Tuesday, February 07, 2017

Let the Truth Rot


An excellent column on why it is that our "elite" (and pretty much everyone elses "elites") can't manage to get along with "the common man". The "let the truth rot" comment is from here in the column.

In Solzhenitsyn’s view, the intelligentsia had yielded to the temptation of Dostoevsky’s Grand Inquisitor—may the truth rot, if people are the happier for it.
It's a worthy, but a bit pretensious read. Most of BOistans "intelligencia" manage to be either very narrow (know everything about nothing), or extremely shallow, knowing less than nothing (being wrong) about a set of "everything" that is quite narrow. It tends to not include much of history, philosophy, theology or classic literature -- eg. "Closing Of The American Mind". 

I found this part the most enjoyable. I disagree that BO would have survived at NIU in DeKalb. He would have wagged his finger one too many times and someone would have kicked his sorry ass in a local bar bad enough he would have run home to Michelle and likely written himself another biography about how tough it is to convince everyone of your brilliance.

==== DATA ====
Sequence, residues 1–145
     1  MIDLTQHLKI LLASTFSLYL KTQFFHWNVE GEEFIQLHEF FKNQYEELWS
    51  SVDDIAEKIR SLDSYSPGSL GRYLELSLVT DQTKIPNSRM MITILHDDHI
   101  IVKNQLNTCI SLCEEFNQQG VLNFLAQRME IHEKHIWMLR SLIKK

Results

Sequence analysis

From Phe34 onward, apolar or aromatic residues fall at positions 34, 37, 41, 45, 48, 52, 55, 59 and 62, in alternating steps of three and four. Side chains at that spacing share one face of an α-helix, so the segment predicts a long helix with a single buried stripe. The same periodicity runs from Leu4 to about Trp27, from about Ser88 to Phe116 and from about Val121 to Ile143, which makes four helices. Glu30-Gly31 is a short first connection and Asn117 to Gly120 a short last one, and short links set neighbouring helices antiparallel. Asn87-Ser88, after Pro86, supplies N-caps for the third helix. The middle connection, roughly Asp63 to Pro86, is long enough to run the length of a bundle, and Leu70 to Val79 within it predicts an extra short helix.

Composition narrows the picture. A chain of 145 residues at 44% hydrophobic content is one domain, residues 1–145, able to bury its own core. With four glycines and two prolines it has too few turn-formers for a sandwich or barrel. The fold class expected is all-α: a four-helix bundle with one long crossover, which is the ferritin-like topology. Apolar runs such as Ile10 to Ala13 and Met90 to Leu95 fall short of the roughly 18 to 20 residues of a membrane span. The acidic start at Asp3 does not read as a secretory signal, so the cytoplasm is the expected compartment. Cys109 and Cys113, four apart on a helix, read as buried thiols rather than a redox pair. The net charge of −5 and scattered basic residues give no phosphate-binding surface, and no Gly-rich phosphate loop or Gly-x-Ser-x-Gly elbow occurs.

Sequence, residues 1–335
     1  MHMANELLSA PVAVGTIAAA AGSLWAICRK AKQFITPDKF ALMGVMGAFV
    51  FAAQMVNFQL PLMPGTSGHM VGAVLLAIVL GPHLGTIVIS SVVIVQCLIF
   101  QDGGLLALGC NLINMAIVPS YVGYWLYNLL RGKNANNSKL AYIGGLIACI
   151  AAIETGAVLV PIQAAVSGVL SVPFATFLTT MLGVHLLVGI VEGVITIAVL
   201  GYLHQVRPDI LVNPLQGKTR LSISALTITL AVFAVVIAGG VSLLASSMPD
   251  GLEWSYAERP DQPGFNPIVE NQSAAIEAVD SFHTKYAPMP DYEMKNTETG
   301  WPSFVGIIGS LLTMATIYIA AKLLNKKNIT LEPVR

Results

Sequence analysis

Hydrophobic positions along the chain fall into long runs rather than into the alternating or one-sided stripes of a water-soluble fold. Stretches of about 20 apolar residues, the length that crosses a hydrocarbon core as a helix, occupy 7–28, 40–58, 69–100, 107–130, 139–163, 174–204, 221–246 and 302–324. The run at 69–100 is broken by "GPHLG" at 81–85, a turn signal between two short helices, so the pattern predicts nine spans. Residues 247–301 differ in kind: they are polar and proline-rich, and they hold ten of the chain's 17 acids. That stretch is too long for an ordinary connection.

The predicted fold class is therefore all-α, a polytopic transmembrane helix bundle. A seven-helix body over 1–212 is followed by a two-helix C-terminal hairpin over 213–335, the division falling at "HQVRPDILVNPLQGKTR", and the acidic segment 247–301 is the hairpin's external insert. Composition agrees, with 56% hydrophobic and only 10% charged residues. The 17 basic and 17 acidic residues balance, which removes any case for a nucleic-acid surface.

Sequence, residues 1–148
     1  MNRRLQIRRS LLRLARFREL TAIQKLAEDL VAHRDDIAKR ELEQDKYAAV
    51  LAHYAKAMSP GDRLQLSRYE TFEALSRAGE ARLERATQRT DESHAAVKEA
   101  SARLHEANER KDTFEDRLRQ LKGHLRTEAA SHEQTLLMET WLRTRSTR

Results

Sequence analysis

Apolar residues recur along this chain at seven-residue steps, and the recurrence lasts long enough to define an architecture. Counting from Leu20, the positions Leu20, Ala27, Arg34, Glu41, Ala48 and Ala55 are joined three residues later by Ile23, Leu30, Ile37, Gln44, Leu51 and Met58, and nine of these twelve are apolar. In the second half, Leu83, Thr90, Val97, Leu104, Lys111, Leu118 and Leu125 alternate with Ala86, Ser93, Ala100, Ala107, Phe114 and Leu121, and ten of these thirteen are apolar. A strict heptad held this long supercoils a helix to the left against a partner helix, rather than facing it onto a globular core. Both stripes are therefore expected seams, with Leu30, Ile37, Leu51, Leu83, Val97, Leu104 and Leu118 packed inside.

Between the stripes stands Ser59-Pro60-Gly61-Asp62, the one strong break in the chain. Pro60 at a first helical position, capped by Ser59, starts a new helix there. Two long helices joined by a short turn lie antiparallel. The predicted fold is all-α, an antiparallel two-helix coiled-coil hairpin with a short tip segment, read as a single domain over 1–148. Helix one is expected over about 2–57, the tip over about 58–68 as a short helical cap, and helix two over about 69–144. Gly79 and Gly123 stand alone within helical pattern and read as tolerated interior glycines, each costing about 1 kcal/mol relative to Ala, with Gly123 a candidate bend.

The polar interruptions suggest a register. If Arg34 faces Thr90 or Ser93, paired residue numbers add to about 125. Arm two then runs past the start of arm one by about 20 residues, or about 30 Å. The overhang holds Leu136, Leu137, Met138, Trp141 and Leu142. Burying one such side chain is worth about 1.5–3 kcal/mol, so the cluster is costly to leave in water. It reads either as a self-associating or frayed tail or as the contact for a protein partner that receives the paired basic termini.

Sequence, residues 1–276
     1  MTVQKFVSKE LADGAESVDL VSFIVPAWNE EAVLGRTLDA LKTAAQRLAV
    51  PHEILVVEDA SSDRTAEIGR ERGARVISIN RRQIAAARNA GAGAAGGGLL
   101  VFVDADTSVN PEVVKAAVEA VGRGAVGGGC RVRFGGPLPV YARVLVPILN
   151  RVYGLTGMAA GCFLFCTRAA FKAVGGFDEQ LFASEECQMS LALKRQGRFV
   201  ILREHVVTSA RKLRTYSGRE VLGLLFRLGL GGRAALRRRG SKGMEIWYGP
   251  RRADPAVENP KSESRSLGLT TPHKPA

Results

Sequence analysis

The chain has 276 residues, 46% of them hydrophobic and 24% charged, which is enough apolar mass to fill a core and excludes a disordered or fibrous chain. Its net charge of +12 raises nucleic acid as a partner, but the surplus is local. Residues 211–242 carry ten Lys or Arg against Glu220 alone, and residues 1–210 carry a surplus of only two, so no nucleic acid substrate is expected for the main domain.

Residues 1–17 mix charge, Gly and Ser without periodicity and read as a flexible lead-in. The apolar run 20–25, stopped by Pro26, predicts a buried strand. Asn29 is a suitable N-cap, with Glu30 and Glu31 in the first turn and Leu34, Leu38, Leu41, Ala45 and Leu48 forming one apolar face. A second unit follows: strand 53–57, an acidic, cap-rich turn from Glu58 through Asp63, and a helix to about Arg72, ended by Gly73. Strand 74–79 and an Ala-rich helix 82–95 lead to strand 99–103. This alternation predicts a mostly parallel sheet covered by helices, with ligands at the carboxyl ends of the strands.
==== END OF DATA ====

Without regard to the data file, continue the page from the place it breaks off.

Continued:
The election of Barack Obama was the singular triumph of this class. His election was celebrated for the milestone in race relations that it represented. But among the intelligentsia, this ecstasy was heightened considerably because he was One Of Us. His imminent canonization as a secular saint is best understood in the context of the arrival of the intelligentsia at the apex of American political power. 
Obama was only the second professional intellectual to be elected president, the first being Woodrow Wilson. It is probably not a coincidence that these two presidents have been temperamentally our least democratic. Unlike Wilson, who taught Greek and Roman history and wrote a highly influential tome on the Constitution that excoriated the Founding, Obama was an obscure, part-time University of Chicago Law School lecturer who had produced no original scholarly work. I studied law at Chicago while Obama taught there, yet it never occurred to me to take a class with him. He did manage to write two books about himself and was undeniably talented at stimulating the intelligentsia’s erogenous zones, prompting Garrison Keillor to swoon on NPR’s A Prairie Home Companion about how wonderful it was that at last we had our first president who was a “real writer.” (Abraham Lincoln could not be reached for comment.) 
Not to take anything away from Obama—he would have made a perfectly adequate assistant professor of political science at Northern Illinois University, if he had developed the self-discipline for academic work. But the reaction to him of the intelligentsia—the public intelligentsia, the sub-intelligentsia, the pseudo-intelligentsia, and the lumpen-intelligentsia—was embarrassingly self-parodic.



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